For many, the thought of hunting public land sends icy shivers down their spine. Theyâ€™ve heard stories of truck windows being shot out and fights over competing claims for dead deer. For others, itâ€™s a great opportunity to cover countless acres and enjoy the excitement and adventure public land has to offer.
Across our Nation, millions of acres of public land are set aside for sportsman to enjoy. We should enjoy that land, too, because our hard earned license fees and tax dollars contribute to the costs of maintaining that ground.
But problems arise when hunters treat public land like a freshman frat house, checking their courtesy and consideration at the front door and dumping their junk wherever they go. In order for the whole concept of public land hunting to work properly, it means every hunterâ€”starting with you and meâ€”has got to make it his first priority to abide by the rules of common decency when utilizing public spaces. Here are 10 public land deer hunting tips that every hunter must live by.
â€śEvery year we have people processing deer at our check stations after they close for the evening,â€ť Wefer said. â€śThey use our gambrels and end up leaving a big mess for someone else to clean up. We also have people calling about hunters who have left gut piles in parking lots.â€ť
Nobody wants to pull into a parking lot to see or smell a ripe gut pile.
The same goes for boning out an animal and leaving the carcass behind. Cheryl Trewella, a wildlife conservation officer in Pennsylvania, said they often receive complaints about people leaving the entire deer carcass behind after removing the meat. If you decide to bone out your deer in the field, make sure you properly dispose of the remaining carcass.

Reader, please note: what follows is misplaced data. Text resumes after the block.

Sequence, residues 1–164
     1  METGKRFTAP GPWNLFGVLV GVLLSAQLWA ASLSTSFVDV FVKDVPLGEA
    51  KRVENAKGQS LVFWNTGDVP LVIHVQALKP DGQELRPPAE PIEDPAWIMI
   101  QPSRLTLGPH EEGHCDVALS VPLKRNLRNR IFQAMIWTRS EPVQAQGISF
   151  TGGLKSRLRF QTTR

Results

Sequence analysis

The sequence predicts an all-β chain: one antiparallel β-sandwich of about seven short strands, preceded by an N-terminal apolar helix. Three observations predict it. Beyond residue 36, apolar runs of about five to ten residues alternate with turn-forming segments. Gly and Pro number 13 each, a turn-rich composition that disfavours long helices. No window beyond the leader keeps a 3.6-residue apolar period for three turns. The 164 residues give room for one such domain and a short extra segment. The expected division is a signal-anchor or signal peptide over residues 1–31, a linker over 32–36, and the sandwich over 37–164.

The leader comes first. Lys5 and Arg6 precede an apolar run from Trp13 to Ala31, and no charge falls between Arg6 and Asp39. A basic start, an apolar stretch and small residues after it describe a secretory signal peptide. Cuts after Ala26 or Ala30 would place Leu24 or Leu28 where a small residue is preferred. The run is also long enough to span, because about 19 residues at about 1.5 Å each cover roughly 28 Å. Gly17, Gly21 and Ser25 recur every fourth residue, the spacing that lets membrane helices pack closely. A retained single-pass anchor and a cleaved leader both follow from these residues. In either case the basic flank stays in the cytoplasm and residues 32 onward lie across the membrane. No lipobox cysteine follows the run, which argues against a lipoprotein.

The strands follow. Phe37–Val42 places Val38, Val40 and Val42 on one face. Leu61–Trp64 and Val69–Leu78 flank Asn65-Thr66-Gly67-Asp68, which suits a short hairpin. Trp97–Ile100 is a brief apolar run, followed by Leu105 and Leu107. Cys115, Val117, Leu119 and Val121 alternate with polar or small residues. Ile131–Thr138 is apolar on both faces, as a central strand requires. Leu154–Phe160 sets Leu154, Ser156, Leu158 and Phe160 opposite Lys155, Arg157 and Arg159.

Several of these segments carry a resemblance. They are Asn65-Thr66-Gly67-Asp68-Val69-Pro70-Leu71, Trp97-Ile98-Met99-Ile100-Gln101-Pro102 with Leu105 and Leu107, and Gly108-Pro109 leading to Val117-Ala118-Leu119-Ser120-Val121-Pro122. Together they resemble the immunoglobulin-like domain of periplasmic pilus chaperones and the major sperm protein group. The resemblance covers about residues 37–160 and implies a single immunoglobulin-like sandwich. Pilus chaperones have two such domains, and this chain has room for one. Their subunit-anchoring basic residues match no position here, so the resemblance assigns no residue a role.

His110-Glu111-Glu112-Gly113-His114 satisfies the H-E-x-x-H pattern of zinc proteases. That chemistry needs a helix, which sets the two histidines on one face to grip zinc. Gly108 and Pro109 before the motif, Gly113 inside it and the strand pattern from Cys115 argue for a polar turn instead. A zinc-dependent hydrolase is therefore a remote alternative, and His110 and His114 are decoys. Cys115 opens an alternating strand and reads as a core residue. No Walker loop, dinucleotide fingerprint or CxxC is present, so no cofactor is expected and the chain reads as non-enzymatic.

â€śWe had to make a regulation in Kansas to limit the amount of treestands a hunter could hang on public land,â€ť Simpson said. â€śWe got complaints that some people were hanging between 40-50 stands in a certain area to try and scare away any other hunters. These hunters were trying to lay claim to a certain area in hopes that nobody else would bother hunting there.â€ť
Always keep in mind that everyone else has the same right as you to be on public land. It goes with the territory that interactions with other hunters may occur. Donâ€™t be selfish or try to scare others away. Instead, show up early and let those procrastinators drive the deer to you.
Make sure to check hunting regulations in your state. Most states have regulations against anything that could damage a tree, like screw in tree steps. In that case itâ€™s best to invest in a high-quality portable lock-on ladder stand or climber.
Ken Fitz, of the Ohio Department of Natural Resources, said another major concern is the use of deer drives in areas where other hunters are set up. Itâ€™s for this very reason Illinois bans the practice on public land. Not only is it inconsiderate to run a deer drive with hunters in treestands right above you, it can also be dangerous.
Second, treat othersâ€™ time like it was your own. Weather permitting, try to wait until midday to drag a deer out.
There are exceptions, of course, but the idea is to be as conscientious as possible about how your actions affect other hunters.
Along these same lines, try not to morph into a monster truck driver once your truck leaves the road. A strange phenomenon overtakes even the best hunters when we see a muddy track, and a few of us give in to the temptation to tear the trails apart.